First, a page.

Blaze Intake Real World Data Check – 3

Background:

Two prior posts related to the Blaze intake “real world” data (vs R600 and vs IE) addressed information that was presented to me for comparison to measurements I obtained.

This post will look at some additional “real world” data from a person who swapped between MST and Blaze intakes. In this post, I will compare the vehicle data with measurements from individual component tests to see how well they correlate; “real world” compared to “bench test”.

Products:

The data from the vehicle is generated using a Hybrid turbocharger (56 mm compressor inlet ID).

Initially, the vehicle is operated using an MST Performance intake with an MST V1 turbo inlet pipe/elbow (TIP) (48 mm ID).

The MST intake is then replaced with a Blaze Performance AToM V2 intake/inlet flange (55.7 mm ID).

Note: According to MST Performance the MST V1 turbo inlet elbow is intended for use with stock-size turbochargers (IS20/IS38). Installing a turbo inlet elbow intended for use with a stock-size turbocharger on a hybrid turbocharger is expected to show decreased performance compared to using an inlet elbow designed for use with a hybrid turbocharger.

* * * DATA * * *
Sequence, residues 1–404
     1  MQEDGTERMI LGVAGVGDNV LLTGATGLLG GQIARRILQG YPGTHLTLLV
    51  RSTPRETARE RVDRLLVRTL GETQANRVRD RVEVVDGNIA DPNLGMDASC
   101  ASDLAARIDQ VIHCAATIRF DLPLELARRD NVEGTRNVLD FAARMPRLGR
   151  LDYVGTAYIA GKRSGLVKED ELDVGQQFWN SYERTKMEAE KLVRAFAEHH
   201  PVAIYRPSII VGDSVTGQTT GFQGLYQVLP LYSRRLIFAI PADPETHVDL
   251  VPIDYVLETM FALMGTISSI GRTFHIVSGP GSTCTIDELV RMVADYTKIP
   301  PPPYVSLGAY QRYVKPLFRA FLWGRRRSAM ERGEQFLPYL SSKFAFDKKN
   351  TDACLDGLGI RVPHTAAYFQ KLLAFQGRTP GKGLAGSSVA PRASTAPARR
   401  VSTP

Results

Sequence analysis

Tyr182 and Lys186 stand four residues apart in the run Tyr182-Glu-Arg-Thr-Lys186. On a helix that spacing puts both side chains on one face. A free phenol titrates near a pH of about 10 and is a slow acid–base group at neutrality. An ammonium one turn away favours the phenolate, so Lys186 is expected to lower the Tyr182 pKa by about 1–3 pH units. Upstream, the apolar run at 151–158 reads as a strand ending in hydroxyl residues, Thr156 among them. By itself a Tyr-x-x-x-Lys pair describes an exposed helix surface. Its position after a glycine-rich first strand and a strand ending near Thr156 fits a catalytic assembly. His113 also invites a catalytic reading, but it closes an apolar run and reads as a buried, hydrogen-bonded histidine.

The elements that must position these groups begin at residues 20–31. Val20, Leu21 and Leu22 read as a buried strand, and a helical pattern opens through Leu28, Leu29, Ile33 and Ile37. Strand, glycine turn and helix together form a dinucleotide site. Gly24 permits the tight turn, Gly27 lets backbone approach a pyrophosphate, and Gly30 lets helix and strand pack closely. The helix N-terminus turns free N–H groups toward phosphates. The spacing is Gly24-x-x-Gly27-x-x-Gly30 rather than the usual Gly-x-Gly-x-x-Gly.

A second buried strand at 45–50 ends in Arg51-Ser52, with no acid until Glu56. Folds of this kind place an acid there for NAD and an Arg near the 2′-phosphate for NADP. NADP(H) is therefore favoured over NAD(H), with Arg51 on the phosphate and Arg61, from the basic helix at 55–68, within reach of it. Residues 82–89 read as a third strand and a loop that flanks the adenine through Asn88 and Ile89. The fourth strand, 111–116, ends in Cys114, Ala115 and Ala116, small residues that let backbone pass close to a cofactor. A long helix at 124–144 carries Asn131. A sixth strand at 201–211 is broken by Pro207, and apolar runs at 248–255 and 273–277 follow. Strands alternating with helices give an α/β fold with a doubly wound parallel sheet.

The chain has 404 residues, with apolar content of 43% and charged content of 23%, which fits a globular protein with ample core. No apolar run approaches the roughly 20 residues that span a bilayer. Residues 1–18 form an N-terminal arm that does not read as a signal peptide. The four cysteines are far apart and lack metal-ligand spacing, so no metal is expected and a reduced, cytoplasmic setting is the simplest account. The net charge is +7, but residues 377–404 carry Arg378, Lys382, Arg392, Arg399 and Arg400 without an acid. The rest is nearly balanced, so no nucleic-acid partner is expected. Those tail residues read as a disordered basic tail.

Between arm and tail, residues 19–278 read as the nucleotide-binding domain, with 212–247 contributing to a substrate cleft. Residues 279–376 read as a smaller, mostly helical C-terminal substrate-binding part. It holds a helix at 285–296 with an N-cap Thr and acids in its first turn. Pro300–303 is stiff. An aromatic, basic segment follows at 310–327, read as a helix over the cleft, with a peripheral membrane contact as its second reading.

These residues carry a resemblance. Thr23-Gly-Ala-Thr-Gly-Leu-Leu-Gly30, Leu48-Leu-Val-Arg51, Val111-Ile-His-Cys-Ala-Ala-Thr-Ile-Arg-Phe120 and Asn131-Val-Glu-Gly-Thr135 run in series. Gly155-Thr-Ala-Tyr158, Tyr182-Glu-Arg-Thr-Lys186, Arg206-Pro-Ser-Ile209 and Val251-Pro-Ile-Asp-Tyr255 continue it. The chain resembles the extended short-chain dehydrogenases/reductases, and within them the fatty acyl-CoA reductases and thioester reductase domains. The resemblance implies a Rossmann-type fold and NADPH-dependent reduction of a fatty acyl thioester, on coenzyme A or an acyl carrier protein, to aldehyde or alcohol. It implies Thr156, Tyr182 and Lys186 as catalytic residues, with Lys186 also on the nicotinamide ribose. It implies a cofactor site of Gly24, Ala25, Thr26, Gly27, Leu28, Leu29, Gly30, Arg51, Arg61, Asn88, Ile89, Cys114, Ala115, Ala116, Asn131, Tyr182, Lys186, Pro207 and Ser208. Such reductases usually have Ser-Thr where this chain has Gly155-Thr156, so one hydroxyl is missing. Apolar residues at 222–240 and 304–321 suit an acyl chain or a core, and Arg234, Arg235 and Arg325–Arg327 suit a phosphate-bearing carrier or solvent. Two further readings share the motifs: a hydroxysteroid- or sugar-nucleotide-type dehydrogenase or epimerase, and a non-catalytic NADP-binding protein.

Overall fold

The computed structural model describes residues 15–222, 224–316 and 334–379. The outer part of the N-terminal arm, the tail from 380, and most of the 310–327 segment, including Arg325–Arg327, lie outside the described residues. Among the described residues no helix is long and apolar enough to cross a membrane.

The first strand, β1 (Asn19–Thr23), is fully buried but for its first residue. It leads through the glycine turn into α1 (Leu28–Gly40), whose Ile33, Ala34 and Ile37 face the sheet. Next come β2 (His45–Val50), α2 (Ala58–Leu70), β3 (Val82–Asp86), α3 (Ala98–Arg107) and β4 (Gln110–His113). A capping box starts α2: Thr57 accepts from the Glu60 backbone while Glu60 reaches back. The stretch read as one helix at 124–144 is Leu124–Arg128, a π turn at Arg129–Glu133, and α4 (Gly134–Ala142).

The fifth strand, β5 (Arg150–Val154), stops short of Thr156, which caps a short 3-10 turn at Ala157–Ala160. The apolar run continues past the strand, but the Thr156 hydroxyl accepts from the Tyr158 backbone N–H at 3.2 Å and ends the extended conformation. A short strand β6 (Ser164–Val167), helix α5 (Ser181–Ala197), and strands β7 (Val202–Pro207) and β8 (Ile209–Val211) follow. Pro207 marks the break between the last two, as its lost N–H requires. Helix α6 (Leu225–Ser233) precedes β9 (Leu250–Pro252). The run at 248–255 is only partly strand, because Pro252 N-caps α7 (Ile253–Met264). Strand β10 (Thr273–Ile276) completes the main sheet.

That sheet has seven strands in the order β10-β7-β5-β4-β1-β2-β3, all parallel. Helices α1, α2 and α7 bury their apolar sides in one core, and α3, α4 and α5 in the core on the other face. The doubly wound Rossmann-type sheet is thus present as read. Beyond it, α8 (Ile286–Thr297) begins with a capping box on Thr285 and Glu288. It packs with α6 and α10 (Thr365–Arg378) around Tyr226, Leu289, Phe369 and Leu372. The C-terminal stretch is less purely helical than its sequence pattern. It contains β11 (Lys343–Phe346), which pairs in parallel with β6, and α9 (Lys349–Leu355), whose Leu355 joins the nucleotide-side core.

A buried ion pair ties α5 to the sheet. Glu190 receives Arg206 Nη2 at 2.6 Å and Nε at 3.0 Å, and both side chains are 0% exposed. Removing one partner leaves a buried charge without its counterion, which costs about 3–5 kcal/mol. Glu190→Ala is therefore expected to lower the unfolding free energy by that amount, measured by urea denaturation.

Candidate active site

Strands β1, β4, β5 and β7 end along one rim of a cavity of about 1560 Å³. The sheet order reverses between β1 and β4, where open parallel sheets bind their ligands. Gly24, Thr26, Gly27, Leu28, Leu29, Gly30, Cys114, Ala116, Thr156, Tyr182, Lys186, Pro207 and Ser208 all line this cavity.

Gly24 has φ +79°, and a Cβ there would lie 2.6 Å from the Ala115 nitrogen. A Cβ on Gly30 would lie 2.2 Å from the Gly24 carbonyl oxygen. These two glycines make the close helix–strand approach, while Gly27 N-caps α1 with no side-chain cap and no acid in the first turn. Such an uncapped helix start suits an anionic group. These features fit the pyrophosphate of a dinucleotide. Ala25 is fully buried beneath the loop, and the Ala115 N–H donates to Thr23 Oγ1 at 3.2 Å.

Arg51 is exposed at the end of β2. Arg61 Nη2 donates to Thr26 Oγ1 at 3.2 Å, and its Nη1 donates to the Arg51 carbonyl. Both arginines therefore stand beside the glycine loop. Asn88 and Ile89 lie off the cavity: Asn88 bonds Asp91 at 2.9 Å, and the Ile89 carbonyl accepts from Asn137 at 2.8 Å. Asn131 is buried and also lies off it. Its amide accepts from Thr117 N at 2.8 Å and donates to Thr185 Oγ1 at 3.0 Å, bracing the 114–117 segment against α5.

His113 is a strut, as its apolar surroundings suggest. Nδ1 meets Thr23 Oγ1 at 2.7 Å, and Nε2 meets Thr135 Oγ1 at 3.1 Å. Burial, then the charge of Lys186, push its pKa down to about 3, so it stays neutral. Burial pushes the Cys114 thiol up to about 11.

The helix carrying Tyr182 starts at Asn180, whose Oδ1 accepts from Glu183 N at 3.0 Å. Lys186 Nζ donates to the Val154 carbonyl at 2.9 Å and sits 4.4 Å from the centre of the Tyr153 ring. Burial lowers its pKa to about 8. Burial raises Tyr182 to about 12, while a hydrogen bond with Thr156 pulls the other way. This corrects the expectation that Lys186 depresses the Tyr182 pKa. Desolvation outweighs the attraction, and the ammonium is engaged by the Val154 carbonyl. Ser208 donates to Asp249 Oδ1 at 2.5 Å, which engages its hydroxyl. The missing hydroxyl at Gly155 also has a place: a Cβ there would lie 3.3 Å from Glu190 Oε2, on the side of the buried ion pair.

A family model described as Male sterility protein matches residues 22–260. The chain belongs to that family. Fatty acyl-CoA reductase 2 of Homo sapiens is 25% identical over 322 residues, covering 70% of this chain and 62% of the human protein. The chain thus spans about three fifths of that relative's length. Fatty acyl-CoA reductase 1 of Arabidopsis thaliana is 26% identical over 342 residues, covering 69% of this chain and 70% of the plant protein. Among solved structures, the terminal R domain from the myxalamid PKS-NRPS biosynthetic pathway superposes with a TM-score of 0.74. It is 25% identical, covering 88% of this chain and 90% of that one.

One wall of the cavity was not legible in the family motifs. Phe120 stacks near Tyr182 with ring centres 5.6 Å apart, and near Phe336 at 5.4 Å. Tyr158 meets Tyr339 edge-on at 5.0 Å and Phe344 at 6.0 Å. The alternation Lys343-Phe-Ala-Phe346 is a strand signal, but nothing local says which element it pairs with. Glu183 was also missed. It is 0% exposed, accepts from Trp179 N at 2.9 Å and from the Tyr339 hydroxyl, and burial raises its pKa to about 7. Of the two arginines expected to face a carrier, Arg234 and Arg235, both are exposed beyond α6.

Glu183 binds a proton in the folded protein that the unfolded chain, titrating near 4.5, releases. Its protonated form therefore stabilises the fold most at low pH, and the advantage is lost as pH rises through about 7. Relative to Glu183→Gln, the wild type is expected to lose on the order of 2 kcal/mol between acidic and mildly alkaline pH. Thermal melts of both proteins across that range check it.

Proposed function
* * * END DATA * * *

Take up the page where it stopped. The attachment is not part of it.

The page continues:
MST V1 - For Stock Turbos
MST V1 – For Stock Turbos
MST V2 - For Hybrid Turbos
MST V2 – For Hybrid Turbos
MST Performance Turbo Inlet Pipe Comparison
MST Performance Turbo Inlet Pipe Comparison – Stock (Left) / Hybrid (Right)

Data:

Data recorded from the car during a single-gear pull is shown on the chart. Orange lines are with the MST intake and black lines with the Blaze intake:

Blaze vs MST V1 Intake
Blaze vs MST V1 Intake

Most notable is a decrease in the wastegate duty cycle going from the MST intake and V1 TIP to the Blaze intake.

Bench flow test results using the MST V1 TIP (48 mm ID) and Blaze turbo flange (55.7 mm ID) are shown below:

Blaze flange vs MST V1 TIP
Blaze flange vs MST V1 TIP – Hybrid Adapter

Airflow is approximately 10% greater for the Blaze hose and inlet flange.

Interestingly the change in WGDC on the vehicle is also approximately 10%. I have no reason to believe this is anything but a coincidence.

Conclusion:

Data recorded with a vehicle shows a decrease in the turbocharger wastegate duty cycle following a change from the MST intake and MST V1 inlet elbow to the AToM V2 intake.

Bench flow measurements show the Blaze inlet flange allows more airflow through a hybrid-size adapter compared to the MST V1 turbo inlet pipe.

Note:

It is not expected that a hybrid-size turbo inlet would result in similar improvements on a vehicle equipped with a stock-size turbocharger compressor inlet as shown by the slight advantage to the stock size TIP, during bench testing.

Blaze flange (No insert) vs MST V1 TIP (Stock Adapter)
Blaze flange (No insert) vs MST V1 TIP (Stock Adapter)

Blaze Performance offers an insert for the inlet flange that improves the performance with a stock-size compressor housing.

Blaze flange vs MST V1 TIP (Stock Adapter)
Blaze flange vs MST V1 TIP (Stock Adapter)

The takeaway here is that when trying to optimize airflow between parts, matching the diameter of the parts to each other is an important factor to consider.

References: